Ahhh Yes, Protein
Protein is the only macronutrient that has an RDA, Recommended Daily Allowance, and it is .8 g of protein/kg of body weight. A lot of the new literature is stating that athletes may benefit from increasing protein intake to 1.2-1.6 g of protein/kg of body weight. However, the typical American diet usually exceeds these amounts in a given day. Excessive protein is stored as fat just as excessive fat and carbohydrate intakes. If you do decide to increase protein intake, you might want to consider increasing water intake also in order to keep your kidneys healthy. Quality protein is important. There are nine essential amino acids that we must get from food. Eating a variety of protein sources will ensure that you are getting all nine of these amino acids. Quality sources are usually in the form of animal tissue such as beef, fish, chicken, and eggs. However, you can get all nine amino acids from mixing beans and corn. Also, tofu and enriched soy can also yield quality protein.
Tips to Chew on
I've listed many food choices that you can choose from when you get ready to start your diet. Don't forget to allow yourself room to cheat. Personally, I have a cheat meal once every 3-5 days. Here are some things to keep in mind!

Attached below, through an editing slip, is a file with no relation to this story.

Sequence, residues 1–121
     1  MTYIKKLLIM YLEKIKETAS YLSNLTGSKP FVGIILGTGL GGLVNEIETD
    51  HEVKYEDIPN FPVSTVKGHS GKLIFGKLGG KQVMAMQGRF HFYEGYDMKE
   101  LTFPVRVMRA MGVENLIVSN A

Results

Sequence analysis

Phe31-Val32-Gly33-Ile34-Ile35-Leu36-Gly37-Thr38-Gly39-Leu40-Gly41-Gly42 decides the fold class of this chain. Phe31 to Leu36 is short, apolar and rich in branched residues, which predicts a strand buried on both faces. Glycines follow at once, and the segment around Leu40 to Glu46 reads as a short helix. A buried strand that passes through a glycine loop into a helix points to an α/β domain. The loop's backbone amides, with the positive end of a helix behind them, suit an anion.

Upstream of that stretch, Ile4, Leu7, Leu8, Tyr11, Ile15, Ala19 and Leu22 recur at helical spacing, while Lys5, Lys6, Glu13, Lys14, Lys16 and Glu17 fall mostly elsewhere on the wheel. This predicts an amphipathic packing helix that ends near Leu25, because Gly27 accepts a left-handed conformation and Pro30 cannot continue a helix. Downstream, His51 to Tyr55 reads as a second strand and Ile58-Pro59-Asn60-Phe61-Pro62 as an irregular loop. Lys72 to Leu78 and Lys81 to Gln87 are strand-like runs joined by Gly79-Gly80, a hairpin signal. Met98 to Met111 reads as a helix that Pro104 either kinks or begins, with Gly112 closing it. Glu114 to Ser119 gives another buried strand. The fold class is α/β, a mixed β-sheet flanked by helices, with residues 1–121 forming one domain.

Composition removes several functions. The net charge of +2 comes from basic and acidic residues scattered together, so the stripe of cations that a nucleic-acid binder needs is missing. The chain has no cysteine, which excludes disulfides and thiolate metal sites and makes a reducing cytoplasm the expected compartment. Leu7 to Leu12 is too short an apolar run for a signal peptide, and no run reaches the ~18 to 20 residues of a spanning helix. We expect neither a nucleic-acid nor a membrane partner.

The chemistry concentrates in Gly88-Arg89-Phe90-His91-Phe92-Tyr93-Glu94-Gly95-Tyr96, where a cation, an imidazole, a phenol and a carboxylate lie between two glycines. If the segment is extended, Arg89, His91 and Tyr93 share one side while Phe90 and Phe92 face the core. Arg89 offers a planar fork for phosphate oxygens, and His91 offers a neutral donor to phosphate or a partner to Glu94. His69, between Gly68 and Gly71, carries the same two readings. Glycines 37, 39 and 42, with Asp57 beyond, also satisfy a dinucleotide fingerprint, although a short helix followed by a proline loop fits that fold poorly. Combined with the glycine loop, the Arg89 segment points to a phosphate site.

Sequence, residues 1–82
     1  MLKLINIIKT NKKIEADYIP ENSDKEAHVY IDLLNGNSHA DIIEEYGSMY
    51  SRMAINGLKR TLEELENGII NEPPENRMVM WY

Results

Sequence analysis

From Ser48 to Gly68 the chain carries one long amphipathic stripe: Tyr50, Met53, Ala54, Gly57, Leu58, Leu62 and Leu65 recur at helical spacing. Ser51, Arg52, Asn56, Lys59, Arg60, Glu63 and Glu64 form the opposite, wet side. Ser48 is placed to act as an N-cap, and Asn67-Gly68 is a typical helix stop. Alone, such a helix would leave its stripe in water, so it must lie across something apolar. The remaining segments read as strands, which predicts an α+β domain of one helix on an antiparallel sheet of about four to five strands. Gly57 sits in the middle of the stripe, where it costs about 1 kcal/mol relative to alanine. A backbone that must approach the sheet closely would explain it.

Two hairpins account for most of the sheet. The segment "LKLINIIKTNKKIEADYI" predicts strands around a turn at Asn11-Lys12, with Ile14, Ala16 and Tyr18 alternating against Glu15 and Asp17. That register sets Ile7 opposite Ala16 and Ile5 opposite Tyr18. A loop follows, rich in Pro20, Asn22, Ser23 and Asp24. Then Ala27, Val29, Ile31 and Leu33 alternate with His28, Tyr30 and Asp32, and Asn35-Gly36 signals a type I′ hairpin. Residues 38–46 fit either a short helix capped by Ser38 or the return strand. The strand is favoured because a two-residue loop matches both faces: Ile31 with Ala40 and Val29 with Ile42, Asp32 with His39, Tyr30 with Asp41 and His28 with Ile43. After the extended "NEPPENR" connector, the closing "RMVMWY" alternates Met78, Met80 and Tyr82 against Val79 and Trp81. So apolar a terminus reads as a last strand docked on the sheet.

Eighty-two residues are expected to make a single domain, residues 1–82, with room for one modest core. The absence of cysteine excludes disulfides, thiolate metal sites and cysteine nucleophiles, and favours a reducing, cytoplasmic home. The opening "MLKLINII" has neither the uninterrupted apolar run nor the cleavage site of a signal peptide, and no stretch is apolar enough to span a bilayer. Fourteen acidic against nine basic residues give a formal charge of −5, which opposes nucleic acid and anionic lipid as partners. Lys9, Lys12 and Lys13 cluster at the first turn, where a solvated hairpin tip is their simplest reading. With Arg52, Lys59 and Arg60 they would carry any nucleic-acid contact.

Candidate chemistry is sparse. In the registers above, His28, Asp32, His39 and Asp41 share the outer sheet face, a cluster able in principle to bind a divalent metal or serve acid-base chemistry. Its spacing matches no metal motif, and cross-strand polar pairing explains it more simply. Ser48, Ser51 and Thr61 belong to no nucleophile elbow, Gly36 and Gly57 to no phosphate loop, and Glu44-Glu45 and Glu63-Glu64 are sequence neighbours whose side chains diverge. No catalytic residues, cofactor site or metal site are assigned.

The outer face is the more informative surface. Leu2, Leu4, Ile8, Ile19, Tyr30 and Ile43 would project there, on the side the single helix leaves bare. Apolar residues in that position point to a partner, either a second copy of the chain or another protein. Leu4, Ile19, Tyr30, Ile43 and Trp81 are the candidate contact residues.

- Stay away from fried foods.
- High fat foods make a person fatter if overconsumed.
- Foods high in refined sugar and refined starches make a person fatter.
- High GI foods make people fatter even when low GI foods have identical calorie content.
- Eat in variety and moderation.
- Avoid the Abstinance-Violation Effect.
- Eat more fresh vegetables and fruits.
- Eat between 3-5 meals per day.
- Don't starve yourself.
- Be positive.
Also, here are a couple of figures to keep in mind when designing your diet
- 40% of calories should come from carbohydrate.
- 20% of calories should come from fat.
- 40% of calories should come from proteins.